The attack of The Islamic State of Iraq and al Sham (ISIS) on Mossul and its march on Baghdad has taken the international community by surprise and raised the possibility of another US intervention in Iraq, with the hope it could prevent the downfall of the country into a sectarian war. Such a scenario is highly improbable because of the nature of the Iraq crisis that is first and foremost political and not religious.
The revival of interest in political theology at the turn of the millennium began with Islam, then moved to Christianity. In the wake of September 11, 2001, it became clear that not all religion was fading away, nor was all religion confined to the private sphere. The evidence: radical Islam. But the obvious risk of Islamophobia that accompanied a focus on Islam as anomalously growing and anomalously public prompted some scholars to explore how Christianity itself was neither fading away nor thoroughly privatized. Instead of focusing on Islam as anomaly, political theology provided a framework for complicating the West’s story of itself, for probing the complex and continuing relations between religious and political ideas.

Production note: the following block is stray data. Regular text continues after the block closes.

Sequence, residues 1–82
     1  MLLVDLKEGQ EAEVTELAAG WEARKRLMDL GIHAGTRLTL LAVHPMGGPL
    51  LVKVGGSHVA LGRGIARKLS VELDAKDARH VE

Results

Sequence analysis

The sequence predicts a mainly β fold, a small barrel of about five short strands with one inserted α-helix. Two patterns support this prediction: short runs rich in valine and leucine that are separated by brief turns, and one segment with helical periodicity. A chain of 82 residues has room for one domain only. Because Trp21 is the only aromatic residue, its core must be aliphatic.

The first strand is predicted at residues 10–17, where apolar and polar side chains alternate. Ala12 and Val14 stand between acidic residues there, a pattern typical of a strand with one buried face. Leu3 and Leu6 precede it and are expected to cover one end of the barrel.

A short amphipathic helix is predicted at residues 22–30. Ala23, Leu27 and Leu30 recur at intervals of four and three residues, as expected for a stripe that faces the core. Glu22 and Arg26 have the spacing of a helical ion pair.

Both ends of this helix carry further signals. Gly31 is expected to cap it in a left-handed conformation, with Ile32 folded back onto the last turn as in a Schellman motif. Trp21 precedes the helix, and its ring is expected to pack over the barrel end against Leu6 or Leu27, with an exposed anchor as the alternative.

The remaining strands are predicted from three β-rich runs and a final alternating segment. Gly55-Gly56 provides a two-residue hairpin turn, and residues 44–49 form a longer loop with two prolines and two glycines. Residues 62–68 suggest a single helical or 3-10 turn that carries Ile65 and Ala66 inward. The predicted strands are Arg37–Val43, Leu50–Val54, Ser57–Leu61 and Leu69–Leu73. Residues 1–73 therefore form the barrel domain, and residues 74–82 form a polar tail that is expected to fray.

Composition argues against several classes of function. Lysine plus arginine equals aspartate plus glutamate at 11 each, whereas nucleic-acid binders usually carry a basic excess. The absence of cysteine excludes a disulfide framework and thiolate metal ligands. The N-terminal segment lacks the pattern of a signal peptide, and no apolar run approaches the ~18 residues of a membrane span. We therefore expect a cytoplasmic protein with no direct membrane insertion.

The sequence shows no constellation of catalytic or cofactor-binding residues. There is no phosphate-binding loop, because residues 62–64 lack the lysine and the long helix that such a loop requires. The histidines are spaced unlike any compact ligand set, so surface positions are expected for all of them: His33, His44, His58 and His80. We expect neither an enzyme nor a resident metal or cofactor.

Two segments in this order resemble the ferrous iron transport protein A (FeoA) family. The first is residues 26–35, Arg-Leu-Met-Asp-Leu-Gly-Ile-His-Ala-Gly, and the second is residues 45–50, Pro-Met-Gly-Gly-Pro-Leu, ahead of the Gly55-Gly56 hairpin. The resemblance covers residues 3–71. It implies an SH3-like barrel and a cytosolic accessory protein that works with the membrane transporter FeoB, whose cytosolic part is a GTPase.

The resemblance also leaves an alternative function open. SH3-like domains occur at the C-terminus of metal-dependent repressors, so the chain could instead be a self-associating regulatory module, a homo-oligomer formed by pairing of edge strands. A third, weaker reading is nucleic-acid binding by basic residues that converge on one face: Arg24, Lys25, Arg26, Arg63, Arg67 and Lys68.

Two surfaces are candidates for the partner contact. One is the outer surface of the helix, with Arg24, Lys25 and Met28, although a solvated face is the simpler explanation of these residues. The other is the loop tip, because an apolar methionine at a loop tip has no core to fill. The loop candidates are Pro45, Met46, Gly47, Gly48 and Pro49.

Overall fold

In the coming weeks, the Political Theology blog will be hosting a symposium on Political Theology and Islamic Studies, bringing together reflections from a number of leading scholars at the intersection of these fields. The editors are very grateful to our Contributing Editor, M. Owais Khan, and to Abbas Barzeger, for their long labors in putting together and editing this symposium. This first post introduces the questions to be discussed and the contributors who will be participating.
If it is at all possible, a Muslim hopes to live in a society where Islamic norms, morality and etiquette flourish, and where they cannot be publicly violated. Similarly, if it is at all possible, provided that he does not perpetuate further harm, every Muslim should command the right and forbid the wrong.
By Tazim R. Kassam
In this case, the “covering up” is the absence of reference to Islam/Muslims. The silence is a form of erasure of their experience in the historical narrative post-9/11. Both are processes that hide Islam, in one case through distortion in the other disinterest.